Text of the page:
If I can say anything in Ladyhawke‘s favor, it’s that it buys a hundred percent into the notion of love conquering all. It’s romantic to the core, unwavering in its lack of cynicism and the gentleness with which it acclimates viewers to its mythology. Predicting the rolled eyes and derisive sighs of those hesitant to accept its magical premise, director Richard Donner (who helmed The Goonies the same year) proceeds to explore the fantastic universe before him with a surprising amount of patience. He’s in no rush to legitimize the story for jaded audience members, allowing him to focus on setting up the intimate foundation on which the movie stands. Ladyhawke doesn’t venture far beyond the few key members of its ensemble, sidestepping the common fantasy pitfall of cramming each frame with ancillary characters whose kooky antics serve no other purpose than to bring the plot to a screeching halt. From start to finish, this is Navarre and Isabeau’s show, and though the premise may not have been based on an actual legend (which Warner Brothers reportedly claimed in its marketing back in the day), the film’s atmosphere feels akin to that of an ancient tale being given new life. Pfeiffer and Hauer truly commit to their roles as lovers torn apart by mystical forces, so good as to conquer the corny effects one scene uses to play out the single moment they can see one another in human mode.

However, the issue with a movie like Ladyhawke keeping its characters and story as close-knit as it does is that all it takes to collapse the whole endeavor is one piece that doesn’t fit right. In this case, that piece is Broderick’s Philippe, who initially doesn’t raise any red flags. Broderick gives an appropriately twitchy and smart-alecky performance, and his character’s frequent pleas to the Almighty to get him out of a jam are witty and amusing. But the further the story progresses, the more evident it becomes that Philippe simply doesn’t need to be there. Navarre says that the kid is best fitted to help him sneak into Aquila, but when the time comes to put his plans into action, Philippe barely makes any difference, as the bulk of the assistance is provided by Leo McKern’s holy man, Imperius. With his connection to Navarre and Isabeau’s dilemma, Imperius is blessed with a richer backstory and much more of a drive to reunite the pair than Broderick’s thief, whose journey entails learning how to be slightly less weaselly. Aside from one-liners, Philippe contributes zilch, and the pacing suffers as the film insists on preserving his prominence in the story and scrounging around in vain to find him things to do. Plus, Wood’s bishop is an ineffectual villain whose most diabolical deeds are told to us through hearsay, and Andrew Powell’s score is an almost outright disaster, a cringingly-synthesized hodgepodge of a soundtrack that couldn’t be less appropriate for the film’s setting if it were performed by Kool and the Gang.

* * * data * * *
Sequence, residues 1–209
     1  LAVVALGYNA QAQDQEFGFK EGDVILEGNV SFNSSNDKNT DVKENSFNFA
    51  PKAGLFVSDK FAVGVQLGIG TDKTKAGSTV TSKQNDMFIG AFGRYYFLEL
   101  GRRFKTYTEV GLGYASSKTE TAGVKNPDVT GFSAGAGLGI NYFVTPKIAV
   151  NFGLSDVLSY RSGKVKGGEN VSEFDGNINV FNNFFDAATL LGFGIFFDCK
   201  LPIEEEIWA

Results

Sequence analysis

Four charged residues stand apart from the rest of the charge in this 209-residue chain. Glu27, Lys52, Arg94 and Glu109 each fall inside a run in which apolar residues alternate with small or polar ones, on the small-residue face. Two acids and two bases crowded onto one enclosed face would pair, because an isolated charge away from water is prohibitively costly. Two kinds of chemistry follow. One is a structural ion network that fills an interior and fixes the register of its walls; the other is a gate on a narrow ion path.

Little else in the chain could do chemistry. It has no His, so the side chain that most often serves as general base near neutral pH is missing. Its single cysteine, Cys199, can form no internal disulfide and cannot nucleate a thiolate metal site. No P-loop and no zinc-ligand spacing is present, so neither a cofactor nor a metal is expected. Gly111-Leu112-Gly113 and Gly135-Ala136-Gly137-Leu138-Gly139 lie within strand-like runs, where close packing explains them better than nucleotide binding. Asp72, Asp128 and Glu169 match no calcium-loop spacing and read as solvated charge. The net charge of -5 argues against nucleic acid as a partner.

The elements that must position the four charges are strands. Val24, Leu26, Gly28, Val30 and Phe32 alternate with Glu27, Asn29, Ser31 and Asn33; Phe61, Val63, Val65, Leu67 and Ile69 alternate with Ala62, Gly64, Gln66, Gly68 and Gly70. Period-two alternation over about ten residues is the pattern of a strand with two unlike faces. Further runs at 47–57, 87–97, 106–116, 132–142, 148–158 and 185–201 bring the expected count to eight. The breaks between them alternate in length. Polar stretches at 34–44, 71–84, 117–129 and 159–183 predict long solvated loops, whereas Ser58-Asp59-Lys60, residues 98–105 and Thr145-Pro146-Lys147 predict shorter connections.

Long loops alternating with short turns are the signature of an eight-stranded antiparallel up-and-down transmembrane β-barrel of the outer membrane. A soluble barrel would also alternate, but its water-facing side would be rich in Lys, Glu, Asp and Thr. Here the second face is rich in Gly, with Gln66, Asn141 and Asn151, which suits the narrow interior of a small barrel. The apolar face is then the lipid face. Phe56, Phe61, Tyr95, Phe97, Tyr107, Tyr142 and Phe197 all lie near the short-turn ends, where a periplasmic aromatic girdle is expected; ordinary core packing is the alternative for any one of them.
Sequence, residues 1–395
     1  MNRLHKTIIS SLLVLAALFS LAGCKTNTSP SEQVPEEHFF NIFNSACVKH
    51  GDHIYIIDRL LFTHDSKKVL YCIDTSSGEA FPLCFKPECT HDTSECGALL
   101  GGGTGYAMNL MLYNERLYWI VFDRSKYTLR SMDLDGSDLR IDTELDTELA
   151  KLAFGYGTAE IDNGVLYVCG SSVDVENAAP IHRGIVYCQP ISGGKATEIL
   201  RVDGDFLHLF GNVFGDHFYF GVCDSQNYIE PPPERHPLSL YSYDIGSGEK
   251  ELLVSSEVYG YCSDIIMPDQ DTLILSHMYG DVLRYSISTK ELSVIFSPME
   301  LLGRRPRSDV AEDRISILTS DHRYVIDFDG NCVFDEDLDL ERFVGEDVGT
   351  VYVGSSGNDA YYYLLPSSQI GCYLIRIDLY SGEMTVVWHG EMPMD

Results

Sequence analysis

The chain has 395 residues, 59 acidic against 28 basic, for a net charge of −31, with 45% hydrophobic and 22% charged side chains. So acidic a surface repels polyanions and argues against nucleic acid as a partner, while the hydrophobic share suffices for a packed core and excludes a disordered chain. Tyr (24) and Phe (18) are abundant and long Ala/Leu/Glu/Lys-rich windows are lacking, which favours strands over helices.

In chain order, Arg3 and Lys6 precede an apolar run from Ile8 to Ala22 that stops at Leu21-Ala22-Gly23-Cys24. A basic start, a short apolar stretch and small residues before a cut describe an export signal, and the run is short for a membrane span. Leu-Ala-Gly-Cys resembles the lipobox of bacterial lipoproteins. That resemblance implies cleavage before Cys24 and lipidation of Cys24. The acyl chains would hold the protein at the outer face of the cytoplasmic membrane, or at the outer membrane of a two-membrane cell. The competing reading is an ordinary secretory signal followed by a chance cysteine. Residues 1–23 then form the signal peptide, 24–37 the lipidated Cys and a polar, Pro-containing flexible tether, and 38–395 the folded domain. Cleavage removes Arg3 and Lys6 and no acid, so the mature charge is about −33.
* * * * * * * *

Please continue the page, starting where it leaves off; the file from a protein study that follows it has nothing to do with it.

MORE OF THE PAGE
I really admire Ladyhawke‘s attitude towards fantasy world-building, but its inability to solve its storytelling problems had my interest waning before the halfway point. There is genuine charm, humor, and emotion at work here, although they’re all too often at odds with those instances when the movie is too stubborn to realize that the elements it’s struggling so hard to make work are holding it back from flourishing. Its photography and actors are in tip-top shape, but Ladyhawke is one more draft away from achieving true liftoff and taking our imaginations with it.

(Ladyhawke is available on Blu-ray from the Warner Archive Collection.)